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Maysaloun Hamoud: Palestinian director on plaudits, death threats and big screen success

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By Eoghan Macguire CNN

(CNN) -- Palestinian director Maysaloun Hamoud's debut film has polarized opinion.

"In Between," or "Bar Bahar," to give its Arabic title, has been showered with plaudits internationally and scooped awards at film festivals in Canada, Spain and Israel.

Yet among some members of the Palestinian community, it has faced calls to be boycotted. Hamoud even says she has received death threats on social media.

The film, which was released earlier this year and is currently showing at cinemas in the UK, details the lives of three very different young Palestinian woman who live together in a Tel Aviv apartment.

Laila (Mouna Hawa) is a liberally minded lawyer. Salma (Sana Jammelieh) dreams of being a DJ and struggles to tell her Christian family she is gay. Nour (Shaden Kanboura) is from a conservative Muslim background and due to marry a controlling fiance.

With Laila and Salma ensconced within the Palestinian party scene, "In Between" depicts alcohol consumption, drug taking, casual sex and homosexuality -- topics Hamoud admits are seldom touched on in Arabic-language films.

It also addresses sexual violence, the difficulties often faced by young Palestinians living in Israel and the battle between tradition and modernity, between young and old.

The town of Umm-Al-Fahm, which has an overwhelmingly Arab-Israeli population and where the character Nour describes being from, took offense to how it felt it was characterized in the film.

A statement from the town's leaders carried by the AFP News agency earlier this year described "In Between" as "without the slightest element of truth" and encouraged citizens to boycott it.

CNN spoke with Tel Aviv-based Hamoud about her film (which she hopes is the first of a trilogy), the reaction to it and why she confronted such sensitive subject matters.

CNN: What did you hope to achieve with the film?

Maysaloun Hamoud: The most important thing for me is to start to talk about all the taboos that we can't really deal with ... (to address) all the topics that are a hot potato for our society.

By your society, do you mean Palestinian society?

Yes, of course, the Palestinian society. But if we see it in a larger picture, it's the Arab society as well. More than this, we can say that these issues are universal topics (which people around the world recognize) as well.

What has the response been from other societies in the Middle East?

For the Arab societies, basically it is a big shock. It's shaking the system. Of course, when you criticize something there is a reaction because nobody wants to see himself or herself as an ugly face in the mirror. The movie is a mirror for us.

The film depicts drug taking, homosexuality, casual sex, alcohol consumption, rape, the control of men over women, why did you want to address these issues?

Because cinema is a very powerful art form. I think we have a responsibility ... as artists we have a responsibility among our society ... to symbolize the reality.

Are some people surprised to see young Palestinians portrayed the way they are -- for example, taking drugs?

Yes, it was a shock. It was a (topic of conversation) inside the Palestinian societies that "no, it's not happening, it's not our children ... they are not like those you have in the movie." That's a denying state of mind because we don't want to admit it. It's a normal process when you have shock.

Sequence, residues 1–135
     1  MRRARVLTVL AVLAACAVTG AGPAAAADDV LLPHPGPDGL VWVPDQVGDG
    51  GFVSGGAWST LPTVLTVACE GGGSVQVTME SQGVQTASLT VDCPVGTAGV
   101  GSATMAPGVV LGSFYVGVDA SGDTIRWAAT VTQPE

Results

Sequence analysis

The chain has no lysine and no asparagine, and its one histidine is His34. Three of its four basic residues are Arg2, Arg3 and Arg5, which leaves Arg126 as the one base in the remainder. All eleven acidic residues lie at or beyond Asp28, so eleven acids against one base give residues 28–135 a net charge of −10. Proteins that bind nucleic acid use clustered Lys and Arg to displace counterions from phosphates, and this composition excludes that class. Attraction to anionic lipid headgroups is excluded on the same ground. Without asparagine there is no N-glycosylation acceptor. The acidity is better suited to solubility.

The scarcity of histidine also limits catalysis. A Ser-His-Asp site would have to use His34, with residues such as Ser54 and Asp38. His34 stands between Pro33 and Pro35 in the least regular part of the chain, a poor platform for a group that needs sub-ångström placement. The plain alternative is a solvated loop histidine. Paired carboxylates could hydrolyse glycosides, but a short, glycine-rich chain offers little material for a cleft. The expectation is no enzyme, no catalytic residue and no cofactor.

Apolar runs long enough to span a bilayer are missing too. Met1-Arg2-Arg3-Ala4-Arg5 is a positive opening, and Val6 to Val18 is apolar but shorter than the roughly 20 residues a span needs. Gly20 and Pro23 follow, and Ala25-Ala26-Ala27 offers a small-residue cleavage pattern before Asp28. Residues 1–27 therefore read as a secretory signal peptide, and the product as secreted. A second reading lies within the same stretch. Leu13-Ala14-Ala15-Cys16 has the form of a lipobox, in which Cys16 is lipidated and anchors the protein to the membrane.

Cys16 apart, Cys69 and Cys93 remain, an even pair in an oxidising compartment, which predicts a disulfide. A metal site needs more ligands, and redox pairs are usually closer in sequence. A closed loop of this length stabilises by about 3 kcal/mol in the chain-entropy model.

Were you aware of just how sensitive some of the issues were?

I knew that I had a bomb inside my hands but I didn't know how big it was going to be. I knew that in some ways (fundamentalists) would find points to be against it ... but I really didn't know what it would be exactly.

Can you tell me about the threats you received?

There were threats to me, to the actresses, also to my family.

For me, one of the things that I can't really forget is that they sent me a message that said "I have a question for you: Do you want the bullet in your head, in your heart or between your legs?"

(There were) a lot of Facebook messages, thousands. At the same time (there was) also a huge amount of loyalty for the movie. People started to write and to talk about the movie as if the movie represented them and that they had to fight against the people who are against it.

Is there a vibrant Palestinian arts scene or underground scene?

Yeah, this underground scene that I am part of it's just getting bigger and bigger.

It's the same in other Arab (countries and cities), in Beirut ... in Cairo, in Amman, in all those places ... we have the same subculture scene, we have the same conflict, the same dilemmas. The differences are in the background. Each scene has its own conditions. But basically we are totally the same. We wear the same fashions, we listen to the same music, we read the same things.

It's all over the Arab world. Also, we can say that my movie is part of a new cinematic Arab wave which started after the Arab Spring.

You can see each year more and more movies from the Arab world that talk about the taboos ... with very similar elements. Because of that we can call it a wave, talking about the taboos without fear, with a lot of courage and the feminine voice has started to be in the front more and more.

Even though the film is about three Palestinian women have you found that it strikes a chord with people around the world?

Of course, it doesn't matter where the movie is screening. The response is the same. It's amazing. It's a particular story but it is universal.

In Latin America, the Far East, everywhere women have these stories.

The above is a shortened version of CNN's conversation with Hamoud.

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